I'm a well read technosexual who's bluntly honest about all things, although I try to be most honest about myself.
It wasn't a perfect read for me, as I noticed at least one plot hole, and Lobdell took over for the second story arc in this collection. I knew I'd read some of his stuff, and wasn't a huge fan, so I knew this might not bode well, but David Wohl started co-writing and then just taking over writing duties and I started enjoying the story more.
I'm going to break down this between the story arcs, volumes three and four of Fathom itself. First of all, I kind of appreciate this breakdown: by choosing to reboot with each volume, Aspen makes it slightly easier to keep track of the separation of storylines. I'm usually not fans of multiple reboots, but I think that's because they aren't done with this type of consideration. When Marvel does it, it's to make more sales with number ones, and to coincide with events. Aspen - the comic book company - may be counting on the boost of sales from number one, but instead of forcing their stories to start and end with events, they know they want to tell a story that is a certain amount of issues, and plan on their volumes being those amount of issues. (By the way, Fathom is the name of four series. In the comic book world, if there is a recurring series/series that is rebooted with a new number one, but the same exact title as the previous series, volume one is the first series, volume two is the second. If the creators move on with the series, the volume distinction can be less useful. Aspen uses new writers and artists with each new volume of Fathom, making it easy to tell which volume someone is talking about, too.)
The first story arc is just excellent, adding to the political strife, and adding a bit to Aspen's life - family wise and friend and human life wise. Also, Garza's illustrations are just stunning. While The Blue try to make peace with humanity by revealing themselves, Aspen discovers she's been lied to about her brother, and that he's still a captive - and where he is. She has the choice of going after Killian, the man who manipulated her when it came to Finn's past, or to save Finn himself. There's no hesitation: as angry as she is at Killian, she's got her brother's best interest at heart, and that will have to remain her top priority.
I didn't find Killian's change of heart completely believable, but rolled with it, partly because I find this world so engaging, and partly because it caused some interesting friction narratively speaking. Still, it seemed far too quick given that he'd shown no indication of changing before then, and his regrets about his first child and how she grew up seemed to come out of the blue since he'd approved of how she came up right up until he found out about his other child.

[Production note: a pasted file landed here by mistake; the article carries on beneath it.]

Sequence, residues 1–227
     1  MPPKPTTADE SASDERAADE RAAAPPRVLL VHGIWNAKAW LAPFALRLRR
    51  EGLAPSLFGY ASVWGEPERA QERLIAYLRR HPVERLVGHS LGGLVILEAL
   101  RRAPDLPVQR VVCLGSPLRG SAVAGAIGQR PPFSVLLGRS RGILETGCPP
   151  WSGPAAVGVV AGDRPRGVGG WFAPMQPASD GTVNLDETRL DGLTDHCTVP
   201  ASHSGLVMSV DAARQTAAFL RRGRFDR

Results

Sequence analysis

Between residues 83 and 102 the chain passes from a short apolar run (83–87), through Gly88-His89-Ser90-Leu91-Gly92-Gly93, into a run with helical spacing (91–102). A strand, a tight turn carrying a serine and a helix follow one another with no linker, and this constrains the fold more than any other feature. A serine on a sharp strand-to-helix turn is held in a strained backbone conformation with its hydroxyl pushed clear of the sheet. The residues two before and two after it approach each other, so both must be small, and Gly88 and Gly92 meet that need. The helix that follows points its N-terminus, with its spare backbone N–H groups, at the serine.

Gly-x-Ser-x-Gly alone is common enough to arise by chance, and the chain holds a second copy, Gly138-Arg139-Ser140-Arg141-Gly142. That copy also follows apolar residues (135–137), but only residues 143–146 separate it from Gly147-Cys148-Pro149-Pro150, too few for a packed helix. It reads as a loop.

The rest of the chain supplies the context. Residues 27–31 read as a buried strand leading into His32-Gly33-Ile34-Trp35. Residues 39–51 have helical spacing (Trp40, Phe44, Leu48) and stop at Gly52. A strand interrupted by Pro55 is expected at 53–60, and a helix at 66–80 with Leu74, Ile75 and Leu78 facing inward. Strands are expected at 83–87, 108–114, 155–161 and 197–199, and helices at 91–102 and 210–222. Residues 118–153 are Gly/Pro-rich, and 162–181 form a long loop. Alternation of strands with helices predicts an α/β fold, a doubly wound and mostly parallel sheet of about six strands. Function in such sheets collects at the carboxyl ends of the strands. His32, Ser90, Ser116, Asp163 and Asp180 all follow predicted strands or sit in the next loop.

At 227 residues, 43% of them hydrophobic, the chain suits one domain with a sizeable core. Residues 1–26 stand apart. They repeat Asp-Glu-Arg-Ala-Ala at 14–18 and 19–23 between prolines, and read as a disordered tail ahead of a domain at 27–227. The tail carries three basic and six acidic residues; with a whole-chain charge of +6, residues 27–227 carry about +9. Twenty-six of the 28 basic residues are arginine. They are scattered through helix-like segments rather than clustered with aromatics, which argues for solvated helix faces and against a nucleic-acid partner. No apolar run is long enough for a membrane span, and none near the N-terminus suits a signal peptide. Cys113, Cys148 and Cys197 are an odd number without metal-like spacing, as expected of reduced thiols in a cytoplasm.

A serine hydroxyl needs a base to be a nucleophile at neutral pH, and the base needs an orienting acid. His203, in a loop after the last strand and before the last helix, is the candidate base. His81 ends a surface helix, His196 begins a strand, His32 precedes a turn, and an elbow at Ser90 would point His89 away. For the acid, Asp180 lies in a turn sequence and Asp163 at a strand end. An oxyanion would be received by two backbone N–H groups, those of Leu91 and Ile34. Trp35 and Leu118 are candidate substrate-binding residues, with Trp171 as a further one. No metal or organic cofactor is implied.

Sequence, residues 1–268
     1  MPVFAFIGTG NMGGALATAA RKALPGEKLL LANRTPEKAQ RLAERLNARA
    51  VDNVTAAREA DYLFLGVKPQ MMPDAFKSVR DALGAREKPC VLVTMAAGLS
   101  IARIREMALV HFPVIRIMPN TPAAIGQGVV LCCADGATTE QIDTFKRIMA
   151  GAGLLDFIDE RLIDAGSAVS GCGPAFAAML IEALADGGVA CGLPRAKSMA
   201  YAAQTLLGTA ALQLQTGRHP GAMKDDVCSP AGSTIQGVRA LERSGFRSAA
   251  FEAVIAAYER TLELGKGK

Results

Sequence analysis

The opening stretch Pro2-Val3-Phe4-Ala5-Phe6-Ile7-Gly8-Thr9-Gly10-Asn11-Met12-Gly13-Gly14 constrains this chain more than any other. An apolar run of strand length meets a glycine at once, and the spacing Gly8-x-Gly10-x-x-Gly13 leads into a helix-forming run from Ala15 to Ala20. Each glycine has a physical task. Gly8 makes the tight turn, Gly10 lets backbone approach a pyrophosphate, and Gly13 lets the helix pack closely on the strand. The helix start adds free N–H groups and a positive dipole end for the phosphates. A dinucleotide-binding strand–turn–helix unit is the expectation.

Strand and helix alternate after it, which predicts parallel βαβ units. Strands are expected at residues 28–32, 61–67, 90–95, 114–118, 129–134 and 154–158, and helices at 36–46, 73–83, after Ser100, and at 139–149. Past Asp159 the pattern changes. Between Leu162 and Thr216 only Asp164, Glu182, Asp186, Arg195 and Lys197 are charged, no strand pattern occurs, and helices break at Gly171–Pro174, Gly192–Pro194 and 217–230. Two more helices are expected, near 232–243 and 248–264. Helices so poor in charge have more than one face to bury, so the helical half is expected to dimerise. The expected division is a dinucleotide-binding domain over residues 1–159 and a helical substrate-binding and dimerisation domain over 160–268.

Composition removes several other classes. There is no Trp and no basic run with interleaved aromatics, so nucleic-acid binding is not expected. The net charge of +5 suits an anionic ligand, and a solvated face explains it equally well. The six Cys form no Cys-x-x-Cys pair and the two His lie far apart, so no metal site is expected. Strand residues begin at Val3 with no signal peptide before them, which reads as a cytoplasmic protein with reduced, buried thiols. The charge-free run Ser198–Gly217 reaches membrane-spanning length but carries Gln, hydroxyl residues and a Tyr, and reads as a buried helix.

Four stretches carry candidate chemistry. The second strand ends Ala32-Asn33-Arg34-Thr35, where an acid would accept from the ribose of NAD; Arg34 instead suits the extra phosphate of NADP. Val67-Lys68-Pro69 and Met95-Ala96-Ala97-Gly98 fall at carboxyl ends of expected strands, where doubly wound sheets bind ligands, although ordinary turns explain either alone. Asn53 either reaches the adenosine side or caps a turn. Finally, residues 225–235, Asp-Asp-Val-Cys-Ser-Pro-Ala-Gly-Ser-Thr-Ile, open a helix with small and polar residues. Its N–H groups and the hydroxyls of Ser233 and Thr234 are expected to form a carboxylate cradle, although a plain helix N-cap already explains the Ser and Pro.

Still, there was so much consideration given to diplomacy and how hard it was, even when people were making the right decisions, that Killian didn't distract me for long.
The fourth volume, and the second story arc for me, worked less well. While it did deal with ramifications from previous volumes, going far back to the first as well as dealing with volumes two and three, it wasn't quite as balanced or well thought out as the third volume. For example, Lobdell had a couple instances where he could have dealt with the blowback from humanity finding out about The Blue - and instead he had one tame panel of protest. The complexity that was in volume three seemed to simply disappear, so I was unsurprised when Aspen found herself dealing with the death of a man she was responsible for back when she first met Killian and there was one, brief panel dealing with her guilt. It was, again, glossed over, and I felt unsatisfied. This was mitigated by Wohl co-writing and then taking over writing duties, and the moral conflicts felt a bit more fleshed out, but I found myself wishing he'd written from the beginning. And yes, Lobdell isn't a terrible writer, and I can see the appeal in his style, even if it doesn't appeal to me most times. (Sometimes I want something easy, but most times I like my fiction with a shade of gray or two.)
Still Alex Konat, the illustrated, pretty much saved this for me. Stylized art that was drawn with a sure hand, I found myself unsure of what I felt at first, and quickly won over by the charm in his illustrations. I found them lovelier and lovelier the more I read, in fact, and I was quite happy to have him replace Garza in this volume.
Overall, incredibly pleased. I can't wait to see what happens next in these collections!